My self-lacerating bay neighbour didn’t aim a single shot nor pick a single target in the ten or so minutes he spent whacking, huffing and swearing. For all he knew, half of his shots might have been bang on line, he just didn’t know where the line was!
He also never stepped off the mat. Not once. As soon as he saw the ball not doing what he wanted he picked up another, not even waiting to see where his previous attempt had landed or taking a second to use the information that ball was giving him. He was learning nothing (other than the fastest way to make yourself angry).
And can you guess how many different clubs he used during this breathless self-annihilation? One. And the club? Yep, driver. One hundred shots with a driver, arguably the most difficult club in the bag. Perhaps he was new to the game and thought there was a different range for iron and wedge shots. Or, perhaps, he was like so many amateur golfers, kidding himself that aimlessly bashing a ton of balls with a club he only hits 13 or 14 times in a round will lead to his lowest-ever score.
But the most destructive thing he did (and which we all do), was expect too much of himself. This was the first day back after lockdown. There’s no chance he’d hit a ball in anger in eight weeks and because he topped that first ball he thought it was all a waste of time. The angrier he got, the less care he took, the more tense his swing became and the worse the result.
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So, with my remaining 77 balls I devised a practice plan… I would do entirely the opposite of everything he had done.
Rule No.1: 100 balls is too many. I would be better taking time with 50 or even 30 because the temptation is to rattle through shots when you’ve got such a full basket
Rule No.2: This is amazingly hard to do, but I would have to step off the mat after every shot. Try it. It’s SO HARD! But it really helps in working out what’s going wrong or right and gives you a moment to reset. It also instils a commitment to a pre-shot routine which will really help consistency on the course. It’s not like you stand in the same spot, hitting the same shot when you’re playing.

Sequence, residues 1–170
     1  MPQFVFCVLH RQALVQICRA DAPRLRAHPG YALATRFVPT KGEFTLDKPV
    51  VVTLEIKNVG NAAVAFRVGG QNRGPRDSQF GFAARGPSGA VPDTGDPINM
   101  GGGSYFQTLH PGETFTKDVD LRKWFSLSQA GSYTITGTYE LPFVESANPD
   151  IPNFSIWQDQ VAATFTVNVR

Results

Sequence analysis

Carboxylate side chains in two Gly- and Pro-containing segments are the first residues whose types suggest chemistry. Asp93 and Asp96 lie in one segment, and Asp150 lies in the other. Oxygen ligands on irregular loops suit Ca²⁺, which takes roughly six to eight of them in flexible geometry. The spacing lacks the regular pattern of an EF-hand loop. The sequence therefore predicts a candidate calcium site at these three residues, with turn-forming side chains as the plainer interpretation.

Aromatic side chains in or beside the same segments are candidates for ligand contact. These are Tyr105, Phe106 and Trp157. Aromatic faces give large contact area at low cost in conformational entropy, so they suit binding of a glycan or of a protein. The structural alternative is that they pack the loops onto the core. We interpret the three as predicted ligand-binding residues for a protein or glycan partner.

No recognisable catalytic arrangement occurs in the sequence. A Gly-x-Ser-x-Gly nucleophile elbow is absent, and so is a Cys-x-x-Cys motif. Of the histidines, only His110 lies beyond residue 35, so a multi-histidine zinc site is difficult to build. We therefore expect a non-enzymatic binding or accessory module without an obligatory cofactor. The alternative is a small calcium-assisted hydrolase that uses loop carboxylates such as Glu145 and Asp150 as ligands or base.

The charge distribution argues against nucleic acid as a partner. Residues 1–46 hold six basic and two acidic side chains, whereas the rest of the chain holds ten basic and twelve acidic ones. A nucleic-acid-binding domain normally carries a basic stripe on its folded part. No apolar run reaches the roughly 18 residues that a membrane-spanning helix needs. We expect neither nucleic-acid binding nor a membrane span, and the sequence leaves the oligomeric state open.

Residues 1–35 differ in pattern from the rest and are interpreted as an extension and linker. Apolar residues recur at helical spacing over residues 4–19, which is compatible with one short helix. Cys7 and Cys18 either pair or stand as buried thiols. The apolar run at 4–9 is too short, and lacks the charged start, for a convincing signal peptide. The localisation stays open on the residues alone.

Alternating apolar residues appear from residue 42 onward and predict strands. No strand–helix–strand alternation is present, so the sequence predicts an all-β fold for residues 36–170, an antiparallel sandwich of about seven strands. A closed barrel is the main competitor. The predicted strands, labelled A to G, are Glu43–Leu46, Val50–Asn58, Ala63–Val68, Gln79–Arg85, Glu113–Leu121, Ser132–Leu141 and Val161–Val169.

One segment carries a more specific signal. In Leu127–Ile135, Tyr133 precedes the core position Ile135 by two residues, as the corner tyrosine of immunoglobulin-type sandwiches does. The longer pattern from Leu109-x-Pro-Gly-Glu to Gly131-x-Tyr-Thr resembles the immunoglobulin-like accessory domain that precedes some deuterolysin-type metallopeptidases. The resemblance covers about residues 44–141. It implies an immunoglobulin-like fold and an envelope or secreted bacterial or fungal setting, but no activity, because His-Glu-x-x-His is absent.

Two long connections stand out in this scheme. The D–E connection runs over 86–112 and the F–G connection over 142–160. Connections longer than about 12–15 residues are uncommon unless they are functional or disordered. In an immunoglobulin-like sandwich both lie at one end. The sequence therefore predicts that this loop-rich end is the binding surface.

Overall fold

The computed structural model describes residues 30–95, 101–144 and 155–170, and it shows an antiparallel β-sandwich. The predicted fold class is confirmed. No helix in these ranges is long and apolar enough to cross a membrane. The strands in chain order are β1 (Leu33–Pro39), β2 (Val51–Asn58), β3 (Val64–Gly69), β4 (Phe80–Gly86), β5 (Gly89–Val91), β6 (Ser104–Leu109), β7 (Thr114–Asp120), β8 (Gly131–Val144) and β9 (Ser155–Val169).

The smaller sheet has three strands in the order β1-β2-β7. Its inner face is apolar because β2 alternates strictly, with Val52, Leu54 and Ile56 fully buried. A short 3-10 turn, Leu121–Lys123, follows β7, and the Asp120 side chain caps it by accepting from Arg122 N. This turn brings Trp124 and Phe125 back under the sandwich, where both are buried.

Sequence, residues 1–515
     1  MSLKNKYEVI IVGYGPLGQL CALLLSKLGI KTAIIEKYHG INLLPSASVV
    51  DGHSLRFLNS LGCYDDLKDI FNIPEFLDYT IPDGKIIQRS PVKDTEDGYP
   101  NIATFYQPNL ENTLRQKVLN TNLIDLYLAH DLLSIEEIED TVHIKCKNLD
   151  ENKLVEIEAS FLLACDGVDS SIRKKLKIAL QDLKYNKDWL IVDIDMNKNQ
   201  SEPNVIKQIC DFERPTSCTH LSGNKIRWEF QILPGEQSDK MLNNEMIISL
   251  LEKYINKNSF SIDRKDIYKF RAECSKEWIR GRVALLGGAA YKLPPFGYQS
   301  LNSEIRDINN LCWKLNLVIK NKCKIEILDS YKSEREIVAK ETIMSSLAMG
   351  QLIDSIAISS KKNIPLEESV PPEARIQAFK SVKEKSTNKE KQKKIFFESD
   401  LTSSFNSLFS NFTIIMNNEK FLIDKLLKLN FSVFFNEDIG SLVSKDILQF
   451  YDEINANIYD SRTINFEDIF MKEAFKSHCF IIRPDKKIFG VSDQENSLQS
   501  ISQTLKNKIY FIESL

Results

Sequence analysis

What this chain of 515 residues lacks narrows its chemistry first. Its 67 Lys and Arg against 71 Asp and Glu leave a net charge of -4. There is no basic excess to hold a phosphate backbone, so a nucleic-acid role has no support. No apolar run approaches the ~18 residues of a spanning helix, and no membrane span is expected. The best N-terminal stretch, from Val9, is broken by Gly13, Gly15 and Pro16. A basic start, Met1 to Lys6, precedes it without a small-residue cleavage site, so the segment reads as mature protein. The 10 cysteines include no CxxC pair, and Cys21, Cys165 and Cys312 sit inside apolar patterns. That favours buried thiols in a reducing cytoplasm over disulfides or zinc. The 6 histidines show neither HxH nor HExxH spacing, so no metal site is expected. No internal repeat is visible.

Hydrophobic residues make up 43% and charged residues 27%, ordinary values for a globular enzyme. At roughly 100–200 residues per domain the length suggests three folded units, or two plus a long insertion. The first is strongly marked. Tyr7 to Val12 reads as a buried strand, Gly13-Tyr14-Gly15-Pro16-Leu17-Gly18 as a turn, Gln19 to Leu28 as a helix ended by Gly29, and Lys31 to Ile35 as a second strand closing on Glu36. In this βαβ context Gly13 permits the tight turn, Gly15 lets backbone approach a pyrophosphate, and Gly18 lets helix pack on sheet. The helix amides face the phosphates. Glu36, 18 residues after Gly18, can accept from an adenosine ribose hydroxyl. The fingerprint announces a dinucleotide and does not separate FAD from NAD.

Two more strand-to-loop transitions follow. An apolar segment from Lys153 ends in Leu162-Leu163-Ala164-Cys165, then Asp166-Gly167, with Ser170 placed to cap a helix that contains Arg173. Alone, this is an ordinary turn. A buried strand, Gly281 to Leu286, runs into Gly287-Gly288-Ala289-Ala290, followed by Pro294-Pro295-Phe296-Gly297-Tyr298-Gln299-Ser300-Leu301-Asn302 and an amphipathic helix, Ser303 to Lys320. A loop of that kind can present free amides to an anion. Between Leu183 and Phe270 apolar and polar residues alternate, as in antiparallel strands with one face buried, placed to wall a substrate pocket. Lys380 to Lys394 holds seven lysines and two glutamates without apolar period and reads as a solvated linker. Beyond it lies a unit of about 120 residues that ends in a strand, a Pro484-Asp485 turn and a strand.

Rule No.3: Every shot must have a purpose (jots down an idea for a best-selling golf book) and the ultimate goal should be to make the driving range as much like a hole on the course as possible. I pick a flag on the left, that’s out of bounds on the first hole, pick a flag on the right, that’s the trees. Anywhere in the middle is fine. Once I’ve hit a drive on that imaginary fairway I pick a flag as the hole and hit an iron, then pick a close flag and hit a wedge.
And finally, Rule No.4: This is something I’ve heard pros recommend, which I really like. As soon as I’ve hit a perfect shot with a club, I take a mental picture of that ball and put the club back in the bag for the rest of the session. I want to leave thinking every club is in good shape.
So, there you have it. My golf practice masterplan. We’re not professionals and we can’t spend hours on our game every day, or even every week. But a disciplined and focused half-an-hour spent with 30 balls might be all you need. Better practise means less practise.
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WITB: Bad Golf's John Robins
Click the club names to read reviews and tests of John's clubs
Driver: Cobra King Speedzone Xtreme Loft: 10.5º set to 11.5º. Shaft: Tensei blue 65 reg
Hybrid: Cobra King Speedzone Loft: 2H. Shaft: Recoil reg
Irons: Cobra King Speedzone Lofts: 5-GW. Shafts: Recoil reg
Wedges: Cobra King MIM Lofts: 52º, 58º. Shafts: STD wedge shaft
Putter: Odyssey O-Works 2.0 R-Line
Golf ball: Bridgestone E6
John Robins is an award-winning stand-up comedian and radio host. Listen to his BBC Radio 5Live show every Friday from 1pm or download the podcast here and watch his comedy special 'The Darkness of Robins' on Netflix here. You can also follow John on Twitter and Instagram.